Kippax, Leeds .
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Kippax is a former mining village and civil parish in Leeds, West Yorkshire; the name "Kippax" indicates that the village was first established in a heavily wooded area of ash trees; the village has an Anglo-Saxon church which underwent significant modification in Norman times; typically Saxon herring-bone masonry can still be seen in the tower.

Despite being an administrative centre for hundreds of years, the population remained small and mostly agricultural until the late 18th century when coal mining began on a relatively small scale in local bell pits; this changed however with the advent of deeper mining and the discovery of coal seams in Allerton Bywater; Kippax underwent a rapid expansion in the 19th century into a typical northern mining community until the decline in deep coal mining saw the Allerton Bywater pit finally close in the 1990s.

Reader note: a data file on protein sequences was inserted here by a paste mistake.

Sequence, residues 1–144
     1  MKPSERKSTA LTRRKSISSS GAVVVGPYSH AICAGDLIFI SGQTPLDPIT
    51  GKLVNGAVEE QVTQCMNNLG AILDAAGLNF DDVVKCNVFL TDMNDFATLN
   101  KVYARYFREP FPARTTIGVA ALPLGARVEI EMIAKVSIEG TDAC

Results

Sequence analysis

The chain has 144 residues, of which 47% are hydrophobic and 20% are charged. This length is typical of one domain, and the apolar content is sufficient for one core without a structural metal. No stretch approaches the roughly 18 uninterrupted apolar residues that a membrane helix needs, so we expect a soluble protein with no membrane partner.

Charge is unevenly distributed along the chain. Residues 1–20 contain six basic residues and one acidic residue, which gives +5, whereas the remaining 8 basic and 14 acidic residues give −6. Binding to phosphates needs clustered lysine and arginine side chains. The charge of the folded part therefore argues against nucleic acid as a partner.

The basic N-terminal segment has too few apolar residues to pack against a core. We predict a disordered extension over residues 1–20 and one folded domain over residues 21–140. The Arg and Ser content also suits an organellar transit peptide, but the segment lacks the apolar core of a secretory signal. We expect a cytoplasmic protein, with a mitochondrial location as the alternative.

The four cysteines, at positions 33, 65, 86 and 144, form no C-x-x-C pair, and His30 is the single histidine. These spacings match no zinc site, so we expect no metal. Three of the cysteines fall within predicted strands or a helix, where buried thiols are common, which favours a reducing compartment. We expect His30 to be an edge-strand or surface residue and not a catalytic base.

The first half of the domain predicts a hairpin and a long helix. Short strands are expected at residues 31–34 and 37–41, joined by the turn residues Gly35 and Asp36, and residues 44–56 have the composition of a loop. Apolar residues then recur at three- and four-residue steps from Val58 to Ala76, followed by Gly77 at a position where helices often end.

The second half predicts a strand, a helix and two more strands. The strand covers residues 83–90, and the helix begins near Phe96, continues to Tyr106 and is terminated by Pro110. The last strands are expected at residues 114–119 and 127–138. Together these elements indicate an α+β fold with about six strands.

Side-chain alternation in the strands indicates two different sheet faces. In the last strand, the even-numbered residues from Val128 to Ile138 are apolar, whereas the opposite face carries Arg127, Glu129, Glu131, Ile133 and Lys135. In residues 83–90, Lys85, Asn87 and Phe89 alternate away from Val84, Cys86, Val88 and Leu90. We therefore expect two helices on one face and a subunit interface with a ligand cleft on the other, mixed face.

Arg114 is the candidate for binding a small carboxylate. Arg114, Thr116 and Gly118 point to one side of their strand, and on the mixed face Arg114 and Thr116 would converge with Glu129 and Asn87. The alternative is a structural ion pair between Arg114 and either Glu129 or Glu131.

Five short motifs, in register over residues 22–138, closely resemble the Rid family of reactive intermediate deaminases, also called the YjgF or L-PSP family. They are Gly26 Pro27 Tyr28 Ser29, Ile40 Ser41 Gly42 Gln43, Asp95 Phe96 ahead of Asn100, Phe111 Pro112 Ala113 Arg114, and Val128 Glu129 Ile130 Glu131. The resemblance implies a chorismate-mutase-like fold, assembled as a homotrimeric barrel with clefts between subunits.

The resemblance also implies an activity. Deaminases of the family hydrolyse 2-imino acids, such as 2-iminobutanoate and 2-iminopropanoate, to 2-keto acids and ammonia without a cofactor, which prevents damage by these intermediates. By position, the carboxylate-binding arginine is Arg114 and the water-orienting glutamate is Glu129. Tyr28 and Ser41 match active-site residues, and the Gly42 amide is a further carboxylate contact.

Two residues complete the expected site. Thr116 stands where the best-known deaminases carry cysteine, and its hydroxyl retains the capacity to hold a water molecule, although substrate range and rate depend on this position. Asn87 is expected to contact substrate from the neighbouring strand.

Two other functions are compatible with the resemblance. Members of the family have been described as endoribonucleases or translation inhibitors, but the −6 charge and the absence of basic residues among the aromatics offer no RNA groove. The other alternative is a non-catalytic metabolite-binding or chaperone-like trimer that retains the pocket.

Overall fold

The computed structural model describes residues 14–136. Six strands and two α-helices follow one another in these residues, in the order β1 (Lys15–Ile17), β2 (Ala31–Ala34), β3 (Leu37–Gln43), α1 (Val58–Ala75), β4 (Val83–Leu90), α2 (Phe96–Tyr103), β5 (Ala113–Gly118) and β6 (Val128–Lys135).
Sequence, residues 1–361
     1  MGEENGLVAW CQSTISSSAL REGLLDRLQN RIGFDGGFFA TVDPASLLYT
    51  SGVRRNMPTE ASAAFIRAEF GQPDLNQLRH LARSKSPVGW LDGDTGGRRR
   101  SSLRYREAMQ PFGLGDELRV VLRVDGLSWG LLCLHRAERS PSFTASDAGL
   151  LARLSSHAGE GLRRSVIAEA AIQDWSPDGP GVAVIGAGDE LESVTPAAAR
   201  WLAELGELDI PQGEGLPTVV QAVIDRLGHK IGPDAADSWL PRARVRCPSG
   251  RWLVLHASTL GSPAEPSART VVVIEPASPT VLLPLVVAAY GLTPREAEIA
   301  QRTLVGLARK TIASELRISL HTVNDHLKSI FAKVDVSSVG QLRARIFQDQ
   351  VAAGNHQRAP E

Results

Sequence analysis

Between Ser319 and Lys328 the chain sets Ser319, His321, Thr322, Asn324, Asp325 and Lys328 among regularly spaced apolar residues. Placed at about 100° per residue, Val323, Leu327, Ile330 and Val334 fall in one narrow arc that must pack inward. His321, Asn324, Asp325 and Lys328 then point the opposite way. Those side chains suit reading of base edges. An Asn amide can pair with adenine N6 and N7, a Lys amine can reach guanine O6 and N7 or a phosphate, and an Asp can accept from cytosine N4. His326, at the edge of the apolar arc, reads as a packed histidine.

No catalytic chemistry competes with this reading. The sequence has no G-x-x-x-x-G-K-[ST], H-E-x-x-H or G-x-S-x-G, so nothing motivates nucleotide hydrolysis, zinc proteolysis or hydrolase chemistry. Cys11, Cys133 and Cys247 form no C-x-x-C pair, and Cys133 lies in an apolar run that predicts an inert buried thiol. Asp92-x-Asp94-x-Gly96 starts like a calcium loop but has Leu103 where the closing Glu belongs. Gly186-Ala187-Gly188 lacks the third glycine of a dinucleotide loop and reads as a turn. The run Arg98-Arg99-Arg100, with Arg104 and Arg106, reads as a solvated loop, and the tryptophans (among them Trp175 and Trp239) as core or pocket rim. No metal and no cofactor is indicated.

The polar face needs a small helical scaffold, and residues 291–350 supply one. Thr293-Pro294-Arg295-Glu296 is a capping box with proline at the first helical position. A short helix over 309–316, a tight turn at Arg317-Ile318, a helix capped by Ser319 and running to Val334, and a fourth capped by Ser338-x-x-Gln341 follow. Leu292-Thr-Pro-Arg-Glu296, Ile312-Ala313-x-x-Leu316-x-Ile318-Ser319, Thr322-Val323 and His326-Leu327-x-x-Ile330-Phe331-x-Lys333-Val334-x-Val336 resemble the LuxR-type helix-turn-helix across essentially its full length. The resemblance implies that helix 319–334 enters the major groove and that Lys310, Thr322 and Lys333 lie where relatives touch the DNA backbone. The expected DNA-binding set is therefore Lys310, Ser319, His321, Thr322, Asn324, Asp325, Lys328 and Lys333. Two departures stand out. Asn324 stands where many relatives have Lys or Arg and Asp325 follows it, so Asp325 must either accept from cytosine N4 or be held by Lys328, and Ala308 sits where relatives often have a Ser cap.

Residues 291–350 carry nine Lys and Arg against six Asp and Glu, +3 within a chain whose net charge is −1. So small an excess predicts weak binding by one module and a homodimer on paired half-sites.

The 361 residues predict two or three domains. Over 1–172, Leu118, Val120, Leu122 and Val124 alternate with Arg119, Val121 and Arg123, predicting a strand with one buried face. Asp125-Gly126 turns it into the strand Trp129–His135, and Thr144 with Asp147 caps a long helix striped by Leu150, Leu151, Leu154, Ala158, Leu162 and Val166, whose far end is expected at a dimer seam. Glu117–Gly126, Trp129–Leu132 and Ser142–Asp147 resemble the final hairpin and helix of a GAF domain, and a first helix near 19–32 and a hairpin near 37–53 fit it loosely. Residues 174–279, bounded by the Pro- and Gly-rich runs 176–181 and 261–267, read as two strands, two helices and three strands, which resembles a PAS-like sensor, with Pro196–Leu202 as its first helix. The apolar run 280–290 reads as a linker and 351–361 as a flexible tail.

Its identity as a mining community lives on within the village's older residents, but this identity could be lost if Kippax becomes part of the greater urban sprawl of east Leeds; this is due to increased housing development between Kippax and its neighbours, Swillington, Garforth, Great Preston & Allerton Bywater; over the last ten years the housing development has eaten away at Kippax's green margins meaning its village status will soon be questionable.

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